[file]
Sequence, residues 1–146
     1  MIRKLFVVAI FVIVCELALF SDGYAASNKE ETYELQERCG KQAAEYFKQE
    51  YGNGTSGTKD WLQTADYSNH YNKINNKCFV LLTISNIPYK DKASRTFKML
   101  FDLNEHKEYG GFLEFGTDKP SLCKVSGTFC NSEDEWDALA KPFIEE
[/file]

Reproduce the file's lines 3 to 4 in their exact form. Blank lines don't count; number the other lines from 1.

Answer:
    51  YGNGTSGTKD WLQTADYSNH YNKINNKCFV LLTISNIPYK DKASRTFKML
   101  FDLNEHKEYG GFLEFGTDKP SLCKVSGTFC NSEDEWDALA KPFIEE